The Iranian regime’s nuclear ambition has been in existence since the late 1980’s, sometimes hindered, but steadily moving forward, writes Lord Maginnis of Drumglass.
“Methods towards attaining a nuclear weapon may have varied outwardly depending on the regime’s policy but, covertly, their resolution has remained unchanged and they have consistently driven towards creation of the world’s deadliest weapon. While the regime has been caught red-handed numerous times, their covert, underground facilities were largely discovered not by western inspections, or intelligence, but by the Iranian opposition group National Council of Resistance of Iran (NCRI) with its biggest constituent the People’s Mojahedin Organization of Iran (PMOI),” Lord Maginnis wrote on Friday in The Hill.
“Nonetheless, irrespective of Iran’s repeated distortion of reality and the fact that previous nuclear facilities were undiscovered by an inspections regime, the P5+1 signed a deal based, yet again, on good intentions. Even when ordinary Iranians didn’t know where their next meal would come from, the Iranian regime continued their costly drive towards the bomb, doubled the budget of the revolutionary guards and kept financing Bashar Assad’s murder machine in Syria. Moreover, prior to and even during negotiations, the mullahs have publicly bragged about deceiving the West and moving closer to the bomb. Knowing all this, how does P5+1 justify the placing of further trust in Tehran’s intentions?”
“Even if one could sense a change of heart regarding Iran’s 20-year aggressive push towards the bomb, the deal still doesn’t make sense. While the despotic mullahs regime was in a vulnerable economic position due to the sanctions that took years to put in place, why dismantle it based on an unfulfilled nuclear promise and while their domestic abuses and export of terrorism continue? Had the West left sanctions in place longer, recognised the ordinary Iranian people’s democratic aspirations and supported Iranian opposition groups like the NCRI, the regime would have felt a much stronger threat to its existence. In its history, we know this regime will only compromise when forced to – when they are truly in dire circumstances.”
“Now, the regime is to be rewarded with an avalanche of billions of dollars in hard cash. Even if their intentions to dismantle their nuclear programme are pure, they are still a horribly repressive regime and they are sponsoring terrorism across the Middle East and the globe, constantly working to maim and kill innocents who may challenge their influence. The West has unjustifiably emboldened this regime and, now, it has the cash to continue its campaign of terror in Syria, Iraq, Yemen, Lebanon, and at home in Iran,” the UK Peer added.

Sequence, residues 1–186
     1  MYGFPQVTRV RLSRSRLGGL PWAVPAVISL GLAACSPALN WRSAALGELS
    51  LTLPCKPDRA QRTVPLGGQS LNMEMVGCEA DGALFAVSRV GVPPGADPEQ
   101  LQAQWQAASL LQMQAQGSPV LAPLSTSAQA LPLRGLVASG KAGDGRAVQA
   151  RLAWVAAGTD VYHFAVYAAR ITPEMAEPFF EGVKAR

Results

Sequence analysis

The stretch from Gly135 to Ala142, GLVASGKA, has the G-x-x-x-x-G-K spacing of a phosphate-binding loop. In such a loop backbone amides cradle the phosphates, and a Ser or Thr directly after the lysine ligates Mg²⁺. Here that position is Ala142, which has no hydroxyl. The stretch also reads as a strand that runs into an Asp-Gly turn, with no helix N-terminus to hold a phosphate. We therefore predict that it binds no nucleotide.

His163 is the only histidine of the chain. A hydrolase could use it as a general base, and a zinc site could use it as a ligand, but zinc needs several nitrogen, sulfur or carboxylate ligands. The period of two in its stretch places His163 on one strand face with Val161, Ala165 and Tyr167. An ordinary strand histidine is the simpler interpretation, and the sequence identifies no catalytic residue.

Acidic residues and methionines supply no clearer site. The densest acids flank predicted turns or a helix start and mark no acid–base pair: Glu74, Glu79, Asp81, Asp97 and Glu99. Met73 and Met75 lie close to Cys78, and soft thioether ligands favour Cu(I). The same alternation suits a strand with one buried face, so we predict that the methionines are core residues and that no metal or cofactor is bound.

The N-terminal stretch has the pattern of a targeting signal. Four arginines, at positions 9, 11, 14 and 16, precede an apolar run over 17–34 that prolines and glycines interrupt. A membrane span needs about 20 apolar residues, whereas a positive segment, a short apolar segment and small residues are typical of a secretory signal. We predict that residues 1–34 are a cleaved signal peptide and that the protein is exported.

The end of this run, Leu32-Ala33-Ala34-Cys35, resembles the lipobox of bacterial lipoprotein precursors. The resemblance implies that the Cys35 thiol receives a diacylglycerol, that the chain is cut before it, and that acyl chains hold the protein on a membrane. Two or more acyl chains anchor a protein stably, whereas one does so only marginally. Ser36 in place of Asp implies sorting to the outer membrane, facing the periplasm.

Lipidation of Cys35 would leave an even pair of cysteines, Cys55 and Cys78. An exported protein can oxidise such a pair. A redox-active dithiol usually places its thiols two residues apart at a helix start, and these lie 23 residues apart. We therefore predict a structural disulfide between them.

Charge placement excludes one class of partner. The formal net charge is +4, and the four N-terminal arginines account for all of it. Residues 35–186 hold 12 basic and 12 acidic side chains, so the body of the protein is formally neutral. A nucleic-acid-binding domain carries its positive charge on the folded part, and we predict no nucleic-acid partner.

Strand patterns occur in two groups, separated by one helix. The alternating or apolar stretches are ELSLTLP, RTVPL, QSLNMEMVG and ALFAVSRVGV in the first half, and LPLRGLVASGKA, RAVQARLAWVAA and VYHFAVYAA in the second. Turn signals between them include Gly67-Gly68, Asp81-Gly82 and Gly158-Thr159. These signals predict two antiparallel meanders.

“With the Congress reviewing the ‘Iran Deal’, U.S. lawmakers must surely recognise that the Iranian regime’s victims are being left out in the cold, both figuratively and literally in the case of the millions suppressed in Iran and of displaced Syrian refugees in Jordan and elsewhere. As they weigh in their options on the deal, they should surely consider helping the victims who continue to be overlooked. This idea was the driving force behind President-elect of NCRI, Maryam Rajavi’s comments.”
“Rajavi noted that ‘the money being poured into the Iranian regime’s coffers must be placed under the strict supervision of the U.N. to ensure that it addresses the Iranian people’s urgent needs. The unpaid salaries of workers, teachers, and nurses, must be paid and food and medicine must be provided to Iranian citizens.'”
She added, “…the Iranian people have a right to know what they will get out of this agreement, upon which the mullahs’ president claimed their water, bread and livelihoods depended.”
Lord Maginnis said: “Rajavi also recognised the need for a concrete policy to immediately evict the regime from Iraq, Syria and Yemen, where it continues to fund terror and will no doubt be emboldened by an enormous injection of cash from the deal.”
“Ultimately, however, Rajavi recognises what the P5+1 has yet to accept, the time has come to hold the Iranian regime and its senior leaders accountable and to help the Iranian people to establish a free, democratic and non-nuclear Iran.”
“Whether Congress approves or rejects the Iran Deal, one hopes and would urge it to take note of Rajavi’s comments and to uphold the aspirations of the Iranian people and their Resistance movement for a democratic change in Iran,” Lord Maginnis added.
Ken Maginnis is an independent member of the United Kingdom House of Lords and a prominent member of the British Parliamentary Committee for Iran Freedom (BPCIF), www.iran-freedom.org